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Toronto COVID-19 infections on the rise after prolonged drop


Toronto COVID-19 infections on the rise after prolonged drop

Daily COVID-19 infections are once again on the rise — including among young children — after dropping for seven straight weeks.

Toronto’s seven-day average for new daily infections rose to 59 from 50 a week earlier, as of last Saturday according to newly updated data that reflects a provincewide uptick in new cases.

Amid a rising vaccination rate, the indicator had tumbled since early September from an average of 156 new daily cases in Toronto.

COVID-19’s reproductive value, which signals growing virus spread when higher than 1, was steady at 1.1 in Toronto after inching above 1 on Oct. 22.

The most recent data for local children aged five to 11 shows they comprise 14 per cent of total Toronto cases, up from 11 per cent.

Dr. Anna Banerji, a University of Toronto infectious disease specialist, wasn’t surprised by the uptick but said it shows the need to get vaccine approved for young kids as soon as possible.

“It’s getting colder and we’ve seen vaccine mandates, but also you can go to restaurants and gyms and stadiums at full capacity,” Banerji said in an interview Thursday. “When you’re increasing the amount of people in certain areas, there will be increased transmission” of COVID-19.

“The big group of people that are unvaccinated, in congregate settings and potentially transmitting COVID, is children. The fact that things have opened up but we’re not seeing a huge escalation (in cases) is reassuring, but the next step is really trying to get those kids vaccinated.”

Health Canada is reviewing Pfizer data about its COVID-19 vaccine for young children, which the United States has approved for use in children aged five to 11.

Dr. Eileen de Villa, Toronto’s public health chief, said she’s hopeful federal and provincial approvals will come soon so local kids can start being immunized within weeks.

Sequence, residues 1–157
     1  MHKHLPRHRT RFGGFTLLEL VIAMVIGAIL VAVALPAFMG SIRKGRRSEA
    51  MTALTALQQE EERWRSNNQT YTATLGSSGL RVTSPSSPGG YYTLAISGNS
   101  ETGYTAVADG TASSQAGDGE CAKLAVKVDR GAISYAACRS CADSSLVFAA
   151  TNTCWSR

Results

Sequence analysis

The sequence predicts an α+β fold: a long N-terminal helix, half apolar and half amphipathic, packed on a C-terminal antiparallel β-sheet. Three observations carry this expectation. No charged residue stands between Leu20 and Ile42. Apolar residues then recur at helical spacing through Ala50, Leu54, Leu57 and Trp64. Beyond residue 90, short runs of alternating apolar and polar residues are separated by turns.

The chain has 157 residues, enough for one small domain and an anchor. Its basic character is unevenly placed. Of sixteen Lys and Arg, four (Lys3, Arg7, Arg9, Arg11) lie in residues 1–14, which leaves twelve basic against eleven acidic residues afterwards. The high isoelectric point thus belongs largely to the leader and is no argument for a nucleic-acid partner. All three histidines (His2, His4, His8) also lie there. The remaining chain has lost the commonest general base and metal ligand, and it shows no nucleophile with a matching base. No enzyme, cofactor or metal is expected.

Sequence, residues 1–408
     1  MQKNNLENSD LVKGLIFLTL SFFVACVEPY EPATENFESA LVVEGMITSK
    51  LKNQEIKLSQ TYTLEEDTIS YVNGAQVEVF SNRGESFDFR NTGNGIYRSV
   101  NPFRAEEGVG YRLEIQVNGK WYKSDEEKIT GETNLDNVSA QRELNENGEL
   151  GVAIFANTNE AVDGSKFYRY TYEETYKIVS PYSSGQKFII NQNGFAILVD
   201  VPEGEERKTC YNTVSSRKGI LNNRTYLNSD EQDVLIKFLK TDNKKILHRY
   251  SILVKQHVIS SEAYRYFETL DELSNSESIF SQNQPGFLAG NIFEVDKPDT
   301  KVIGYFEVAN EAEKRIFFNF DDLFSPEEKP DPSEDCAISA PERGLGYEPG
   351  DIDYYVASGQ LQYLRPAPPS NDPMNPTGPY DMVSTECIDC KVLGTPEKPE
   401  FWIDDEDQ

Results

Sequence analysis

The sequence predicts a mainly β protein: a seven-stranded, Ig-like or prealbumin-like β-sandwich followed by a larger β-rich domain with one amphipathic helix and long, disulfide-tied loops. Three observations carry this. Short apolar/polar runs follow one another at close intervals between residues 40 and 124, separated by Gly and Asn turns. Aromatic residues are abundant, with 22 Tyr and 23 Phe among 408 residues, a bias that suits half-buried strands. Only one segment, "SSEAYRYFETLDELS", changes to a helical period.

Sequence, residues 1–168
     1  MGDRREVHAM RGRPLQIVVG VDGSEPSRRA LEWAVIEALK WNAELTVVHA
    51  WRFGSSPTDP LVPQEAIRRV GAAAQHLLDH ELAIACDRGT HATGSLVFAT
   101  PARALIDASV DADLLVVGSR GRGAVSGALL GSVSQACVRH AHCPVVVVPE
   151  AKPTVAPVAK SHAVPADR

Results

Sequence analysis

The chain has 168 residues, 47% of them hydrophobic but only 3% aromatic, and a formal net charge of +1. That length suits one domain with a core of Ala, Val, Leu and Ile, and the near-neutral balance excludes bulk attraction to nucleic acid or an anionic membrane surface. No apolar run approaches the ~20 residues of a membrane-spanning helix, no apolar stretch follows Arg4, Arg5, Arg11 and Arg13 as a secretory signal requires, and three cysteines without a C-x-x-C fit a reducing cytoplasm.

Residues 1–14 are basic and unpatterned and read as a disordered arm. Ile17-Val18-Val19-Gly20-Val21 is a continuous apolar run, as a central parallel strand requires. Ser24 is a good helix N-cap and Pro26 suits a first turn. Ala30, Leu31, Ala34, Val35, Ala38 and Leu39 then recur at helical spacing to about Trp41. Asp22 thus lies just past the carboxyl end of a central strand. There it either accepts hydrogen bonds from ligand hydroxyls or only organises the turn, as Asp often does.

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Toronto Public Health on Thursday said the “slight” increase in daily cases could be due to colder weather pushing people inside, increasing “social interactions and touchpoints with many businesses and organizations being open indoors.”

“We may also be seeing the slight uptick in cases due to social gatherings and events, however it is not a significant increase,” the agency said in an emailed response to the Star’s questions.

The increase in infections among young kids is “not unexpected” given they cannot be vaccinated, Toronto Public Health said.

The best thing teens and adults can do now to protect kids is to fully vaccinate themselves.

“Ensuring that we have high level of immunity will protect those who are unable to get vaccinated such as children under 11 years old, residents who may be immunocompromised or residents who may be particularly vulnerable to COVID-19,” the agency said.

While children are less likely than adults to get seriously ill from COVID-19, Alberta reported increasing numbers of kids in intensive care amid a punishing fourth pandemic wave there.

The bright spot in Toronto’s latest data is that, so far, the rise in new cases is not sending more people to hospital. Vaccination makes people resistant to infection and, if infected, much less likely to get seriously ill.

The daily average for local hospitalizations is down to 1.4 — the lowest since August 2020.

Asked if Toronto’s high vaccination rate — 84 per cent of eligible residents have received two doses — will protect the health-care system even as new infections rise, Toronto Public Health said: “While there has been a slight increase in cases counts in recent days, it is too early to make any generalizations about the community spread of COVID-19 and expected rate of severe outcomes such as hospitalizations.”

Ontario on Thursday reported 438 new coronavirus infections, up from 378 on Wednesday and from 409 one week earlier.

David Rider is the Star’s City Hall bureau chief and a reporter covering city hall and municipal politics. Follow him on Twitter: @dmrider

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